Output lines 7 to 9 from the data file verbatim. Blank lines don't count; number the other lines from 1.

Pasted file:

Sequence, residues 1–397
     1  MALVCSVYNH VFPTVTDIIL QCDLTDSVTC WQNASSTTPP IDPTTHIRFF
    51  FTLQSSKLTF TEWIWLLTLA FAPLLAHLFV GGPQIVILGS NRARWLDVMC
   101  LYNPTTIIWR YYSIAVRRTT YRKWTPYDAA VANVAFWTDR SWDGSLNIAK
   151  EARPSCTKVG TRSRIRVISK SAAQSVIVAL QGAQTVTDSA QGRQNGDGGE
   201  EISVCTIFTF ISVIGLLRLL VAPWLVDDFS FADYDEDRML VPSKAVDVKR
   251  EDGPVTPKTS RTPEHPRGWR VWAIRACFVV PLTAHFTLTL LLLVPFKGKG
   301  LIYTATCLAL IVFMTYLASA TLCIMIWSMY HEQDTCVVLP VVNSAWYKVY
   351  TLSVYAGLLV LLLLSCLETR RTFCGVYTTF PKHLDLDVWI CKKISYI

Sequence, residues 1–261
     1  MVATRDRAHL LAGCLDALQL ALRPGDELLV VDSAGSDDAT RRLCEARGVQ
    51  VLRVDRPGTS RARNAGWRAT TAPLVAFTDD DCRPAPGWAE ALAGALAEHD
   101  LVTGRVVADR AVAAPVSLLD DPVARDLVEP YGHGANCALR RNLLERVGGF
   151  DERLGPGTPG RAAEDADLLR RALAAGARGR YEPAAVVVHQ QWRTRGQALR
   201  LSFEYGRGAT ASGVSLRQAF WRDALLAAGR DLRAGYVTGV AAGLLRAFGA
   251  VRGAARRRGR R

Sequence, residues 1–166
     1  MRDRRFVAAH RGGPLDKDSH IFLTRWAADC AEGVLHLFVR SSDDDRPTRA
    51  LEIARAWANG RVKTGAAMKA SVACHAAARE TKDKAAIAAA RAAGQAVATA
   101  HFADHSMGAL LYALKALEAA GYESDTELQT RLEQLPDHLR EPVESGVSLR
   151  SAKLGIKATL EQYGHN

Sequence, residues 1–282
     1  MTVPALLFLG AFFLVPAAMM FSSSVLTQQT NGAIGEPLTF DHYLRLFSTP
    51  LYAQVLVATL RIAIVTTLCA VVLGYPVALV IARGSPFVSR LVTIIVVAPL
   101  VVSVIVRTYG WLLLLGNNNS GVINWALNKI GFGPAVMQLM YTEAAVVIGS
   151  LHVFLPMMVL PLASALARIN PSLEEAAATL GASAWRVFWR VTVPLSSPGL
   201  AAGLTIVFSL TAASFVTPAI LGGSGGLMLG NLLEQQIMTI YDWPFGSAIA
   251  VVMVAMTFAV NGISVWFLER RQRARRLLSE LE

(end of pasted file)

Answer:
   251  EDGPVTPKTS RTPEHPRGWR VWAIRACFVV PLTAHFTLTL LLLVPFKGKG
   301  LIYTATCLAL IVFMTYLASA TLCIMIWSMY HEQDTCVVLP VVNSAWYKVY
   351  TLSVYAGLLV LLLLSCLETR RTFCGVYTTF PKHLDLDVWI CKKISYI